Saturday Dec 15, 201206:03 AM GMT
US concerned by China plane incursion into Japan airspace
File photo shows the disputed Senkaku/Diaoyu islands in the East China Sea.
File photo shows the disputed Senkaku/Diaoyu islands in the East China Sea.US State Department acting deputy spokesman Patrick Ventrell
File photo shows the disputed Senkaku/Diaoyu islands in the East China Sea.
The United States has expressed concern after a Chinese state-owned plane skimmed Japanese airspace for the first time to overfly islands in the East China Sea, which are at the core of a territorial dispute between the two Asian nations.


"It's important to avoid actions that raise tensions and to prevent miscalculations that could undermine peace, security and economic growth in the region," State Department acting deputy spokesman Patrick Ventrell said on Friday.

Washington had raised its concerns with Beijing, he said, adding that the United States made clear that its "policy and commitments regarding the Senkaku/Diaoyu Islands are long-standing and have not changed."

On Thursday, China for the first time dispatched a plane over the islands, prompting Tokyo to accuse it of violating Japanese air space.

Japan's defense ministry said four Japanese F-15 jets headed to the area in response, but the non-military Chinese plane was nowhere to be seen by the time they got there.

The Japanese foreign ministry said a formal protest was sent to the Chinese government through its embassy in Tokyo.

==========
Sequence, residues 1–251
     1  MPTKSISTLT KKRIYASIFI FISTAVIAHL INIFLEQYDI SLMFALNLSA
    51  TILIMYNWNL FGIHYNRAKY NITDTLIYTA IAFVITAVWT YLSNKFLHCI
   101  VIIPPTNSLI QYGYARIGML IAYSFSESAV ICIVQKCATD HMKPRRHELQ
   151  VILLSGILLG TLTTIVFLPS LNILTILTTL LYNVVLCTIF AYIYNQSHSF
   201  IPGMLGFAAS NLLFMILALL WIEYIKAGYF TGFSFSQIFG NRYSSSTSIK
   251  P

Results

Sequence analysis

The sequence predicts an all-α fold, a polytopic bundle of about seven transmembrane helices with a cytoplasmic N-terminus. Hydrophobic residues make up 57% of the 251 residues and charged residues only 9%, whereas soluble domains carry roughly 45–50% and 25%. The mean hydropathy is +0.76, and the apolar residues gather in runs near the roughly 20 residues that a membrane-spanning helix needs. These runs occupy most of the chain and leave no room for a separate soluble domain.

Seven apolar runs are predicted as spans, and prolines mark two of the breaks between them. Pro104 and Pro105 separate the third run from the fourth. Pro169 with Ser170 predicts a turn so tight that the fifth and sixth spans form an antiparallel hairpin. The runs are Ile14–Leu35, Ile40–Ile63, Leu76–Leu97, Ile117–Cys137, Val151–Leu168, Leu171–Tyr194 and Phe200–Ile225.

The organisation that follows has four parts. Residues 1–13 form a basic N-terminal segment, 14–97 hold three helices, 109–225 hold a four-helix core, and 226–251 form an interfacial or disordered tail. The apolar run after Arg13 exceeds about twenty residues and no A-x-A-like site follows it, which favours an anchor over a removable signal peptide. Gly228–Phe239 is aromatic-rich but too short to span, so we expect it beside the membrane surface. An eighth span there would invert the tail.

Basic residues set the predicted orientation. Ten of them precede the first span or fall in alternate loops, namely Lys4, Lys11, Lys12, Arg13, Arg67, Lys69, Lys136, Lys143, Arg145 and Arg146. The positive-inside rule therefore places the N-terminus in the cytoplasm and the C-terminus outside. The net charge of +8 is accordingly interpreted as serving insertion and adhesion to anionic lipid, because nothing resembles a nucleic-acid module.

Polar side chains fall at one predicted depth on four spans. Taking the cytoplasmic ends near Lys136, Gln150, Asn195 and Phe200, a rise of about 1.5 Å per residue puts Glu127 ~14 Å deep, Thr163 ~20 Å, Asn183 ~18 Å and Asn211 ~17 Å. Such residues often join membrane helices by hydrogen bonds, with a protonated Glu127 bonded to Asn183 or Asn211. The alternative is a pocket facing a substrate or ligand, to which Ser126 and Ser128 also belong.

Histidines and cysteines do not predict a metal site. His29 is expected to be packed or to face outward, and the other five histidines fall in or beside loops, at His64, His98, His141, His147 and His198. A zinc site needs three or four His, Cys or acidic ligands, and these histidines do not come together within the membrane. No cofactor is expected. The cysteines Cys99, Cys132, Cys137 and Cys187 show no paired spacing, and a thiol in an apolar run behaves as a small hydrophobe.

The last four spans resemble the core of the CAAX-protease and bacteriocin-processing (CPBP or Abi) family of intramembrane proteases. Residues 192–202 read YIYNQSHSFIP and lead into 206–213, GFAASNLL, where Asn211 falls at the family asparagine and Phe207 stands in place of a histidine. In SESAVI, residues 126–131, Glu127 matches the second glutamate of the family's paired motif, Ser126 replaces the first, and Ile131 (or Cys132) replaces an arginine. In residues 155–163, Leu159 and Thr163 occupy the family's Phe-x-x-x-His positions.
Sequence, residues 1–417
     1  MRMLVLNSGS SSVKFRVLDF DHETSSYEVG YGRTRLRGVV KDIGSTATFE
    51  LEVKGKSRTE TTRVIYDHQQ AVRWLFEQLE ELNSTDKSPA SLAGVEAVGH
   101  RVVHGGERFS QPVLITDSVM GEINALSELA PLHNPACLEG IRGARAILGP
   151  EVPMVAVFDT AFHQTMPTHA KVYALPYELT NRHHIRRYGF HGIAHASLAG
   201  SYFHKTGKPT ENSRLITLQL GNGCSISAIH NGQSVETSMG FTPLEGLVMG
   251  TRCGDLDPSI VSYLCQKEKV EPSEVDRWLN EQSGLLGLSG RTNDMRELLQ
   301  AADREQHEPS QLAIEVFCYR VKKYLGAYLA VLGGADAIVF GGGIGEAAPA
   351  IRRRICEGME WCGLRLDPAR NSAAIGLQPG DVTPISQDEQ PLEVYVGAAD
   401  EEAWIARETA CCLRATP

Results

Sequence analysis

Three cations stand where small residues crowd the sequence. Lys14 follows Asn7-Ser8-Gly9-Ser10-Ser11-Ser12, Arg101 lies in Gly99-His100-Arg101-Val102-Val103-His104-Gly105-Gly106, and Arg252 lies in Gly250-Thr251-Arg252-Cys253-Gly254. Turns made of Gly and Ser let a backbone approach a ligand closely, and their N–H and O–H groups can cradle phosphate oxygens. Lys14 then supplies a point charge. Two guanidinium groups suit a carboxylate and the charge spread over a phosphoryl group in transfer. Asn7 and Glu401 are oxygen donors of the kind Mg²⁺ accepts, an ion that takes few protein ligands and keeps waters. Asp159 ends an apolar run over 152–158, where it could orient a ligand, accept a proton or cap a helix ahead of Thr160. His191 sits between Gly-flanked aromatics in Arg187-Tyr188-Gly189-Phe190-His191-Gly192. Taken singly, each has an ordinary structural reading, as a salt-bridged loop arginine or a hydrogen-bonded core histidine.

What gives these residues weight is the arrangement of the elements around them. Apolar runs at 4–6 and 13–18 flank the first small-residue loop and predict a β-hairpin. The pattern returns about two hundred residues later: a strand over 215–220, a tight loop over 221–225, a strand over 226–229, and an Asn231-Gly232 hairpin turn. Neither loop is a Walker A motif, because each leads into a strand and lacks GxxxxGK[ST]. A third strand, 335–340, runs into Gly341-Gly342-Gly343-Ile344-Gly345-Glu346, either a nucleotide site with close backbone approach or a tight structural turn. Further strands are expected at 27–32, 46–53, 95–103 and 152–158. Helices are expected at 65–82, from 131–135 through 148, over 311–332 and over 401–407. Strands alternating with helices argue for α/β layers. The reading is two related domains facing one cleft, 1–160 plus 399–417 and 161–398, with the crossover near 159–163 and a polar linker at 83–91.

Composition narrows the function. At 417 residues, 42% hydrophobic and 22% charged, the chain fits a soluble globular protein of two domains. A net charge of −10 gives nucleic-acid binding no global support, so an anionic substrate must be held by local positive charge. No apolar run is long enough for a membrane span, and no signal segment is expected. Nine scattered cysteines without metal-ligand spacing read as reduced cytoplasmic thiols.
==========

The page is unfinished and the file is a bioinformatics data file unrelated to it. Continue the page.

China on Friday said it was routine to send marine surveillance planes in airspace over the disputed islands.

"China's maritime surveillance plane flying over the Diaoyu Islands is completely normal," Foreign Ministry spokesman Hong Lei said.

"China requires the Japanese side to stop illegal activities in the waters and airspace of the Diaoyu Islands," Hong said, adding they were "China's inherent territory since ancient times."

China maintains that the islands are an inherent part of its territory and it has indisputable sovereignty over them. Japanese government, on the other hand, regards these islands as a part of Ishigaki, Okinawa Prefecture.

The islands have been under Japanese administrative control since the reversion of Okinawa to Japan from US administrative rule in 1972.

Potentially large deposits of natural gas off the islands are believed to be the source of the territorial dispute between China and Japan.

Energy-hungry China is carrying out exploration activities near the islands and is preparing to develop the gas fields. Japan is anxious that the activities would jeopardize its interests.

MP/AZ
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